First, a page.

And for those who think I’m off on a tangent, I would point out that Melbourne’s calendar of Spring events is the pinnacle of the sporting calendar in this country; it generates billions of dollars in economic activity, and keeps thousands of people employed in tourism, retail, hospitality and accommodation, and spills into the wider economy nationally. Right now, trashing it in the name of petty and unreasonable union demands is a price Victoria — and the country — simply can’t afford.

Anyone swayed by what Grigorovitch looks like should put their eyes back in their head, and use their brains.

But what is going on in Melbourne (and we haven’t touched on the thousands of construction jobs that have been lost as a result of the union/Labor campaign against the former Napthine government’s East-West Link and the vast economic benefits it would have generated) pales in comparison to federal Labor’s reprehensible attempts to torpedo the free trade agreement Trade minister Andrew Robb has painstakingly negotiated between Australia and China.

This praiseworthy (if imperfect) deal will, if ratified, ensure open access for the export of goods and services to a market comprising hundreds of millions of Chinese consumers; to date the federal Coalition, the Liberal and National parties federally, all of the state Labor Premiers and the business community all support the deal, which only a fool would deny offers the ability to generate Australian jobs and economic activity.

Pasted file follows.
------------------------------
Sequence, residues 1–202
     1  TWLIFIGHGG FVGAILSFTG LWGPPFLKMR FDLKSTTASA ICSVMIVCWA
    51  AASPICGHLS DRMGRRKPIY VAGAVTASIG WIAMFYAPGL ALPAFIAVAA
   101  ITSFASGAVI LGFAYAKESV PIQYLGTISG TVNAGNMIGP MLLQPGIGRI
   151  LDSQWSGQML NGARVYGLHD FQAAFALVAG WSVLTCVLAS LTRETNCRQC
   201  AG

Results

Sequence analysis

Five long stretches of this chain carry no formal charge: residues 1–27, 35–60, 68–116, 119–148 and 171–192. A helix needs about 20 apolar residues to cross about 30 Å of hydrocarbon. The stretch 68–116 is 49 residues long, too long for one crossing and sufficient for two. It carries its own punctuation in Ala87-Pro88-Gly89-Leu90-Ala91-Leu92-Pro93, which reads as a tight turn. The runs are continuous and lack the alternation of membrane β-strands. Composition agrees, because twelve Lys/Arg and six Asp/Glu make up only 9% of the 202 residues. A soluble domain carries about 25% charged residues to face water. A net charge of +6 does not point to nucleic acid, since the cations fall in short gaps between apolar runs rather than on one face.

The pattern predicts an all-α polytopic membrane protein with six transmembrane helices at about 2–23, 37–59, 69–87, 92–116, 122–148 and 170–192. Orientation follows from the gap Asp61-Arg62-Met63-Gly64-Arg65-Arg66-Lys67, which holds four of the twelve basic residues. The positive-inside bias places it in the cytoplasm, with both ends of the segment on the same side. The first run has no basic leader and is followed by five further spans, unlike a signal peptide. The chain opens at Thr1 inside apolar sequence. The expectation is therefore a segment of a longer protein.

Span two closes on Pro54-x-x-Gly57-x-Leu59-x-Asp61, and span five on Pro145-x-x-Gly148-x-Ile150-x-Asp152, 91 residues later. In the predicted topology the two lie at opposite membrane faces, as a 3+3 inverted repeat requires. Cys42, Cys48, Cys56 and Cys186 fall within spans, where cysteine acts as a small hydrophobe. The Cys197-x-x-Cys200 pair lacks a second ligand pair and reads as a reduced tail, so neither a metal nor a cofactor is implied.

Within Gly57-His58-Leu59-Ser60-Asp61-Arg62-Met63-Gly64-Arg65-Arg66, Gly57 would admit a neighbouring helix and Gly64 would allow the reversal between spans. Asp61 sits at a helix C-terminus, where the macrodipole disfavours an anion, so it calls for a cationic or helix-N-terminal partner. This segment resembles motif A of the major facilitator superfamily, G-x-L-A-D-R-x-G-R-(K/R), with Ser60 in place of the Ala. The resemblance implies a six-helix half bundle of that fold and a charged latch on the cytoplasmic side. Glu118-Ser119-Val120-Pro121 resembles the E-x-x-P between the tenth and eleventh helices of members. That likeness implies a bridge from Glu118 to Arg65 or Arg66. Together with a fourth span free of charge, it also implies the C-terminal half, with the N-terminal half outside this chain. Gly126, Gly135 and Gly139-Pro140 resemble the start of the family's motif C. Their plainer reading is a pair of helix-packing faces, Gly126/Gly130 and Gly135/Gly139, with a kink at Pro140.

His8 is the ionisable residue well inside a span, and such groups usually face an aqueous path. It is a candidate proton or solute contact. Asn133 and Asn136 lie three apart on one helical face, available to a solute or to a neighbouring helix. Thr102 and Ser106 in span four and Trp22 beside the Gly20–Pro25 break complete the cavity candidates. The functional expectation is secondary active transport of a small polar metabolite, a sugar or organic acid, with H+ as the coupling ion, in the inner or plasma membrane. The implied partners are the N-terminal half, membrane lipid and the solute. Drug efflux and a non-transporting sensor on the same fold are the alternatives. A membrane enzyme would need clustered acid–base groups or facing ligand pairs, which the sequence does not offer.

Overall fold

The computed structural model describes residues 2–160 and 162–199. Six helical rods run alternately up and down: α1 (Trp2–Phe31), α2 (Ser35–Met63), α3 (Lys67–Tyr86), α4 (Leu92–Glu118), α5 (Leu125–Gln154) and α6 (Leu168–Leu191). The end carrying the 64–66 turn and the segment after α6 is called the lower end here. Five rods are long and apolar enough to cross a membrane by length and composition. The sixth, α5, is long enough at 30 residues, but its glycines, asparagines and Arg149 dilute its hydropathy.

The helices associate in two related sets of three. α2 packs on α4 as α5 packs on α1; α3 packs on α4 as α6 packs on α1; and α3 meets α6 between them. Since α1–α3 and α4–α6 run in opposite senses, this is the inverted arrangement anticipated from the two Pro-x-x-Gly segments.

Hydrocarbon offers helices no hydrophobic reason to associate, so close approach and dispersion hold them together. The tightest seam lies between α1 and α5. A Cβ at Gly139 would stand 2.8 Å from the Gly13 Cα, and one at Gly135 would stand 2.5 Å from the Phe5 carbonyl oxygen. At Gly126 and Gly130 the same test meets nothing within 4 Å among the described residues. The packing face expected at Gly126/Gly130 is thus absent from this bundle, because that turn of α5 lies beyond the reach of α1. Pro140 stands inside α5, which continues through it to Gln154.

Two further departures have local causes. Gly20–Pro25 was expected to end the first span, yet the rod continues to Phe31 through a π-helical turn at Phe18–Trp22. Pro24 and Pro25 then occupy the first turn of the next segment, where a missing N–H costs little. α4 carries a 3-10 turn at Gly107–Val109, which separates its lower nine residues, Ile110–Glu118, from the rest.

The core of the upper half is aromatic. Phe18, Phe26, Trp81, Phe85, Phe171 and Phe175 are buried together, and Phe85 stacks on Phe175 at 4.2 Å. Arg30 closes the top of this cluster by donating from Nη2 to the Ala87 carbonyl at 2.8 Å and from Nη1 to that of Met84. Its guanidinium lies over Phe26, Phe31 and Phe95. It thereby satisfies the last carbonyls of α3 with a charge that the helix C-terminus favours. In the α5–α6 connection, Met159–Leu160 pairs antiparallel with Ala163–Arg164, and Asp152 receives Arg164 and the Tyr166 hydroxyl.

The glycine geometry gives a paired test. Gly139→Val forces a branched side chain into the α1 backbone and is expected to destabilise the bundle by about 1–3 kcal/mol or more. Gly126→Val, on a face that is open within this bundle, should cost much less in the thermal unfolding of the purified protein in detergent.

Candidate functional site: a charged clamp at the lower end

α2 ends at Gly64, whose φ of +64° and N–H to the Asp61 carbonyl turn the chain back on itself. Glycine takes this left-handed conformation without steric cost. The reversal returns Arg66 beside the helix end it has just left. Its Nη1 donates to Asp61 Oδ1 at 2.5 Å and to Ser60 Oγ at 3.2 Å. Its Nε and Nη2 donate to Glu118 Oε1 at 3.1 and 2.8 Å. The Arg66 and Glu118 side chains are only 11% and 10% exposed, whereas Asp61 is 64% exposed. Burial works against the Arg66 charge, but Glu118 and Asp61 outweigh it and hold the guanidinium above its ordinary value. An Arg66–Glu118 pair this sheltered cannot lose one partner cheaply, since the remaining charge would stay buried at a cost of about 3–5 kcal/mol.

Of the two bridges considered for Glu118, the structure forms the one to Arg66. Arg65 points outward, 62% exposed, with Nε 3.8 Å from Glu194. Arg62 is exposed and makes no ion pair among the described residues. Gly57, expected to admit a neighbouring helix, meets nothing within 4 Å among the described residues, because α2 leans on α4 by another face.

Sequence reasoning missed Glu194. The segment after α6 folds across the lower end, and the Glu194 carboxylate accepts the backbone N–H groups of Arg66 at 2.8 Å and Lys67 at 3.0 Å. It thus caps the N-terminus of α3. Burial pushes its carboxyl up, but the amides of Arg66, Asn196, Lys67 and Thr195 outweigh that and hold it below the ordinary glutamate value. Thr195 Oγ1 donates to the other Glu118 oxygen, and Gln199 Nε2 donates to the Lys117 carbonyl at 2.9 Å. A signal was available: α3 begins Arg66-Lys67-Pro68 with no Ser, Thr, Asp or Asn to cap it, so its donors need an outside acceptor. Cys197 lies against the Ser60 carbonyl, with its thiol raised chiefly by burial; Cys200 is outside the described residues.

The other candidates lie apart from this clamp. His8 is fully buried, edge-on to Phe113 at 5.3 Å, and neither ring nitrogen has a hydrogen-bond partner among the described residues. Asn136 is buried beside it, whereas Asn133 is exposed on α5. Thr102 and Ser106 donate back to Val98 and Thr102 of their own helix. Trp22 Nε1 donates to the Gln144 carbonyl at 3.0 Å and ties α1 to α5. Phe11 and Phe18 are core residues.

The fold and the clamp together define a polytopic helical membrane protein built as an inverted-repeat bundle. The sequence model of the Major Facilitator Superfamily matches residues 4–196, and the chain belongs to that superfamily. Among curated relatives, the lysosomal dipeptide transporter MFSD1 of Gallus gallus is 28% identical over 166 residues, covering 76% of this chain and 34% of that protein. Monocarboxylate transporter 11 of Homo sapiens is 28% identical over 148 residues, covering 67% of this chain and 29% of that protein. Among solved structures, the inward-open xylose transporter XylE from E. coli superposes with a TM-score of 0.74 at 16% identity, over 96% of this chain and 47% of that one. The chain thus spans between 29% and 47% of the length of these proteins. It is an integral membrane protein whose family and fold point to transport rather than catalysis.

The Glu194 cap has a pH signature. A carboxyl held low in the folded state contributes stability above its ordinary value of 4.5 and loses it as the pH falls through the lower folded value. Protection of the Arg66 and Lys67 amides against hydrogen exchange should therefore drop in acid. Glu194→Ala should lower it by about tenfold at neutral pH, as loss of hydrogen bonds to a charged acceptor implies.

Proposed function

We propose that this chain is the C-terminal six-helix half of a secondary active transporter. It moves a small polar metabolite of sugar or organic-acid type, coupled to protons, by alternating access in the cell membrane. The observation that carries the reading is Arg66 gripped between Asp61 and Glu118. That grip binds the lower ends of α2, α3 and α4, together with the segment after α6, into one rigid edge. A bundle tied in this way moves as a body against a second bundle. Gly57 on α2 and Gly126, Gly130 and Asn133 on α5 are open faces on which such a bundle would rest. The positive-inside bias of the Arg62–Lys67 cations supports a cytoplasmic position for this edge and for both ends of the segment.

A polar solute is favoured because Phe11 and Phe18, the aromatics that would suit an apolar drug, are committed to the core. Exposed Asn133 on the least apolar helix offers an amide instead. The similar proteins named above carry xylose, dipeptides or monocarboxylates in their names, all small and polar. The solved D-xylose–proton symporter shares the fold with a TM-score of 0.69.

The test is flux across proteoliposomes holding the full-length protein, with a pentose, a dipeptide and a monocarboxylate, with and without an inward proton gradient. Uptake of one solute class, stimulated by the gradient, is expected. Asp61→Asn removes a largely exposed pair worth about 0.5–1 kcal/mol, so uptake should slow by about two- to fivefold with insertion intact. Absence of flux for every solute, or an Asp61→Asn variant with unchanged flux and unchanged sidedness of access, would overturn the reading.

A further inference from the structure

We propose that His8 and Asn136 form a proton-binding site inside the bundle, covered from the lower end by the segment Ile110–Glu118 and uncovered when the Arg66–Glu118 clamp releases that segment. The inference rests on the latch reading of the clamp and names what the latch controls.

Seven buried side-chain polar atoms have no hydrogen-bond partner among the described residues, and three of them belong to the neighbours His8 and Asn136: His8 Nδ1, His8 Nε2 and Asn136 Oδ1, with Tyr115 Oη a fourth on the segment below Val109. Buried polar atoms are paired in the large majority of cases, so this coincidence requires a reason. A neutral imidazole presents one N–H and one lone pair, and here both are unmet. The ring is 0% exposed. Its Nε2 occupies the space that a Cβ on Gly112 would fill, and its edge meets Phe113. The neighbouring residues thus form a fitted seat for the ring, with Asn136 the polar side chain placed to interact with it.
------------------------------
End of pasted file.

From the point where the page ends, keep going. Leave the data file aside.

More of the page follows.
Headed into a recession, it’s a significant consideration.

But lined up against it are federal Labor “leader” Bill Shorten — justifying, yet again, the moniker of “Billy Bullshit” his policy vapidity has come to earn him — and (surprise, surprise) the more militant of the country’s unions, including the CFMEU, which claims (despite the safeguard that Chinese workers who come to Australia under the agreement must be paid at local Australian rates) that the FTA would flood Australia with cheap Chinese labour working for a fraction of the conditions mandated by law, and creating millions of new Australian unemployed.

“Bullshit” doesn’t even come close to describing it.

The CFMEU, for what it is worth, has been running — paid for from the membership dues of its members — a series of xenophobic television commercials in metropolitan markets against the FTA which are almost completely devoid of any fact, and which border on racist, but never mind that. Torpedoing the FTA will hand the Abbott government an international humiliation and rob it of a potential plank for firing up the economy. The potential for damaging the hated conservatives is irresistible to the CFMEU. The cost in jobs, productivity and benefits to the country are irrelevant to it.

And in a pathetic effort to add “credibility” to an already lacklustre and deceptive argument, the unions have seen fit to co-opt “the head of the global trade union movement” — general secretary of the International Trade Union Confederation and business-hating former ACTU head, Sharan Burrow — to provide a few contemptible soundbites to add support to the union/Shorten position where there is none: and there are good reasons none exists otherwise.